On Wednesday, Menu Foods recalled 200-plus additional pet food products that might have been contaminated by melamine-tainted items made at its plants during the same time period.
The additional recalled products were not made with the melamine-laced wheat gluten that prompted Menu’s initial recall of 60 million cans and pouches of pet food but testing and one consumer complaint indicate cross-contamination, the company said.
Some previously recalled items also include expanded production dates.
The expanded recall involves dog and cat food sold in the United States, Canada as well as two European varieties. The list of additional Menu Foods-recalled items can be found at www.fda.gov/oc/po/firmrecalls/menu05_07.html.
The Canadian-based manufacturer also revised its expected losses related to the recall from $30 to $40 million to $40 to $45 million.
Last week, Menu Foods said the U.S. Food and Drug Administration had searched its Emporia, Kan., plant. Menu Foods said it was also notified that the U.S. Attorney’s office for the District of Kansas was exploring whether or not the pet food manufacturer had committed a misdemeanor by violating the Food, Drug & Cosmetic Act. The state of Missouri had launched a similar investigation, the company said.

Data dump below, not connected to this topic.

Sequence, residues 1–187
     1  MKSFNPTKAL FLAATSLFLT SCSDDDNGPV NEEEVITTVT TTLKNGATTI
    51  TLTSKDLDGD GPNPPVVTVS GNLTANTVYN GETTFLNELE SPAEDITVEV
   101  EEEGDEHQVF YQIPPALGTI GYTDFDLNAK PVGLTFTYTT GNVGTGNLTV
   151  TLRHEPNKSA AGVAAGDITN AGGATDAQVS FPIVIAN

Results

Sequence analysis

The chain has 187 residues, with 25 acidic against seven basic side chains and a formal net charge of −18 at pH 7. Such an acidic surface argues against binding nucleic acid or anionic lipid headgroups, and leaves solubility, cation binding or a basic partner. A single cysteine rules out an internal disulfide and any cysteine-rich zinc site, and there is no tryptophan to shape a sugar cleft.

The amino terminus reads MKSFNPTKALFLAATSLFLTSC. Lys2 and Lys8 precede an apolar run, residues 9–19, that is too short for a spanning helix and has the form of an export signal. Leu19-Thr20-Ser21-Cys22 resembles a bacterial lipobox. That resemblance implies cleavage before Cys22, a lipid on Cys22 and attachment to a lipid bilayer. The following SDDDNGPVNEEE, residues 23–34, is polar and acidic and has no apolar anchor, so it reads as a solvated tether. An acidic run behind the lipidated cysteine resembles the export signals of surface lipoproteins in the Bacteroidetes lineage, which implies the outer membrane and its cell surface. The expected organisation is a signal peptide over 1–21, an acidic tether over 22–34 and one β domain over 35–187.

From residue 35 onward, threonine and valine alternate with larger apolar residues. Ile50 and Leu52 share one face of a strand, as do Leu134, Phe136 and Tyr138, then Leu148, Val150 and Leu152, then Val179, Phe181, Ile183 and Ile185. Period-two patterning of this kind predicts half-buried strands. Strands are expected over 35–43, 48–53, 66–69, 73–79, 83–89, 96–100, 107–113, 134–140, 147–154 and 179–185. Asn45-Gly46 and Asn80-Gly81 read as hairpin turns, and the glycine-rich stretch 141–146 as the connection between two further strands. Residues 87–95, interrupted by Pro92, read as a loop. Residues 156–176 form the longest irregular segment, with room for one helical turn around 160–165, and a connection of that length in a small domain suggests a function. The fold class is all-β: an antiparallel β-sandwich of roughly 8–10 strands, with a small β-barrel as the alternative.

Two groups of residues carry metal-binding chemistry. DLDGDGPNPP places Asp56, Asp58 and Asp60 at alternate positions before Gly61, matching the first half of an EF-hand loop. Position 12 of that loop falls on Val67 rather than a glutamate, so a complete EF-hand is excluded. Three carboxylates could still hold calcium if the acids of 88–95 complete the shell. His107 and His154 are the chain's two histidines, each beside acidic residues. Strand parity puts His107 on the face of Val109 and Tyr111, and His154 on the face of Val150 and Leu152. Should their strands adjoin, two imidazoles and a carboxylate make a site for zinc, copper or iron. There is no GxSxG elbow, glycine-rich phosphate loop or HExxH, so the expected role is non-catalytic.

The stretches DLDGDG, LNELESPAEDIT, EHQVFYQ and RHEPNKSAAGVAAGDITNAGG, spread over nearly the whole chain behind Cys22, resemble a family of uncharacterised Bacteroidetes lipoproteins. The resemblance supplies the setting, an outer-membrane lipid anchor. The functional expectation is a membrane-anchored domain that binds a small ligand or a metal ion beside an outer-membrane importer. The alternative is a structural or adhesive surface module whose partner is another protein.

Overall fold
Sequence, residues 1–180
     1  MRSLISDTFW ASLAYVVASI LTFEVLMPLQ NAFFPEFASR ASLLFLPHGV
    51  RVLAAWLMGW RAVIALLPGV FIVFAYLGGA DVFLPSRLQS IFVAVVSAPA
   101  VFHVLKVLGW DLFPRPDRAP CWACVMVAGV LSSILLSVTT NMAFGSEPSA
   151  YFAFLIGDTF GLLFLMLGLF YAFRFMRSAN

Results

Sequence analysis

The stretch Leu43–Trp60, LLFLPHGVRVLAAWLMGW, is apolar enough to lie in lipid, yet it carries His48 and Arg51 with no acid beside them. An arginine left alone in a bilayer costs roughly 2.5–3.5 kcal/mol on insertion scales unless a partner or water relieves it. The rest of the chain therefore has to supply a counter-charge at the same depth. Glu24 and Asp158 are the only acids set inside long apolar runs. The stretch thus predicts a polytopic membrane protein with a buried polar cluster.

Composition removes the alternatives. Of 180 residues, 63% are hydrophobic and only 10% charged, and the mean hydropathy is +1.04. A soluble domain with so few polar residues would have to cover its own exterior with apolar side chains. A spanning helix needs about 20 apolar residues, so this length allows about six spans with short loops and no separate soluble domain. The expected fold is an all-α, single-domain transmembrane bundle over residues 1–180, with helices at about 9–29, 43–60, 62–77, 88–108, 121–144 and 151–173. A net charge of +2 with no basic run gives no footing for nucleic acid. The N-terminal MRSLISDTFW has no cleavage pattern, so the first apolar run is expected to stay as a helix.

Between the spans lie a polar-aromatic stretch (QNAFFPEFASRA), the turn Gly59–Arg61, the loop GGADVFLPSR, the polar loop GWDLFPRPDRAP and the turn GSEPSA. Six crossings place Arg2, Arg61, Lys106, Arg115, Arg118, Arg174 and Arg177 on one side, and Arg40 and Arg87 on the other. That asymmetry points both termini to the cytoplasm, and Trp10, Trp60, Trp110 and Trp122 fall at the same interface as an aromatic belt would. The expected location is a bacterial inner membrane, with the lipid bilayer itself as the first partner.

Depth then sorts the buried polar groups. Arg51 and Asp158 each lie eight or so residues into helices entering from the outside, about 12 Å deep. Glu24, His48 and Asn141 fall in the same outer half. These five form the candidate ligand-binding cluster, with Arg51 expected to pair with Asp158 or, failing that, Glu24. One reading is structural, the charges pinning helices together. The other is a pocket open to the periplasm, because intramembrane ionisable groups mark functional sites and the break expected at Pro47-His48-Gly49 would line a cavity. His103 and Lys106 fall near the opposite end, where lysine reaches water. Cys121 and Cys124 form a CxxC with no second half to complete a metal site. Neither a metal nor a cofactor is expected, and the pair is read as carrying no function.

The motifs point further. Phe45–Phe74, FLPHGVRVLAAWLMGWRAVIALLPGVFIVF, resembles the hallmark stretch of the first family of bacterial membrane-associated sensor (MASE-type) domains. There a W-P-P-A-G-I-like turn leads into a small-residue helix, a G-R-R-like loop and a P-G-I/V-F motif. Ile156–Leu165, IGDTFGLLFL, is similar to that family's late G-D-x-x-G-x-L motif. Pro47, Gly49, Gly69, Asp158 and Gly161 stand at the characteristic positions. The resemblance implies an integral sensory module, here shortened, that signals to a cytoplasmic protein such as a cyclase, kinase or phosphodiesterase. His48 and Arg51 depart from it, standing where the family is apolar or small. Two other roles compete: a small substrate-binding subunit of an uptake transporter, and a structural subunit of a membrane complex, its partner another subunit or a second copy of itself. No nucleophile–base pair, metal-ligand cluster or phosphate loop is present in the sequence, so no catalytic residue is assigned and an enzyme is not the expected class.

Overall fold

“Menu Foods has been doing everything it can to cooperate with the FDA,” said Paul Henderson, chief executive officer of Menu Foods.
The FDA declined to comment on the case due to the ongoing investigation.
Pet Death Toll Climbs
Earlier in the week, FDA officials said they were investigating at least 4,000 animal deaths potentially related to the pet food recall that has dragged on for almost two months.
On Tuesday, Michael Rogers, director of investigations for the FDA, said the agency had received 17,000 calls from people claiming an animal death or illness as a result of the contaminated pet food that has embroiled about 150 brands and more than 5,500 products to date.
“Of those, about 8,000 or so have been entered into our official data system and have been evaluated and roughly 50 percent of those alleged in animal death is part of a long-term project,” Rogers said.